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APA · Chicago · MLA · Vancouver · CSE | Export to Zotero / EndNote / Reference Manager

APA (6th Edition):

Edelbrock, G. R. (1975). Personality characteristics of selected community college dropouts. (Doctoral Dissertation). Oregon State University. Retrieved from http://hdl.handle.net/1957/38464

Chicago Manual of Style (16th Edition):

Edelbrock, Gary Ray. “Personality characteristics of selected community college dropouts.” 1975. Doctoral Dissertation, Oregon State University. Accessed October 23, 2019. http://hdl.handle.net/1957/38464.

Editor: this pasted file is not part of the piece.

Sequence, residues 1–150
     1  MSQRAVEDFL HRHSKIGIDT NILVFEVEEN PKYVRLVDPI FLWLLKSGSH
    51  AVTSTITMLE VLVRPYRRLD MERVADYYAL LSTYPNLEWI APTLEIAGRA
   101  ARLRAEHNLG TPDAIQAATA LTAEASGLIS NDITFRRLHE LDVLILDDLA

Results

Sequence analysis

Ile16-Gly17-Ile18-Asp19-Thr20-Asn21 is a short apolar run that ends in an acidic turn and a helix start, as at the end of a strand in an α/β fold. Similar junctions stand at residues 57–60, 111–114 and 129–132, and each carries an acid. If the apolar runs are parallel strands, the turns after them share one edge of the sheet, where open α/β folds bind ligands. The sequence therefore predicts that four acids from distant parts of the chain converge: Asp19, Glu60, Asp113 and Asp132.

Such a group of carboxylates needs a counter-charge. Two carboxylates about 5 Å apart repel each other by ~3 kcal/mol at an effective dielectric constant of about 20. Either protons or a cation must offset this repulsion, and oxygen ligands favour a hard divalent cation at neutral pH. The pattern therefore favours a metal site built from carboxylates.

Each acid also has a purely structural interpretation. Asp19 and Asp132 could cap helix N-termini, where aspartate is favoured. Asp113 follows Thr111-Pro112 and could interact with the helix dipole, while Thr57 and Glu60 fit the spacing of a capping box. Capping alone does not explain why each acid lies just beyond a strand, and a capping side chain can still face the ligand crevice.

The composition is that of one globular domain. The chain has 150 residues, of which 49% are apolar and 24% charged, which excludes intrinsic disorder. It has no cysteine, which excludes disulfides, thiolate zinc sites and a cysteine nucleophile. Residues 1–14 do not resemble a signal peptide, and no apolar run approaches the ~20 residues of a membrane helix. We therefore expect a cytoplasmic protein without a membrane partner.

MLA Handbook (7th Edition):

Edelbrock, Gary Ray. “Personality characteristics of selected community college dropouts.” 1975. Web. 23 Oct 2019.

Vancouver:

Edelbrock GR. Personality characteristics of selected community college dropouts. [Internet] [Doctoral dissertation]. Oregon State University; 1975. [cited 2019 Oct 23]. Available from: http://hdl.handle.net/1957/38464.

Council of Science Editors:

Edelbrock GR. Personality characteristics of selected community college dropouts. [Doctoral Dissertation]. Oregon State University; 1975. Available from: http://hdl.handle.net/1957/38464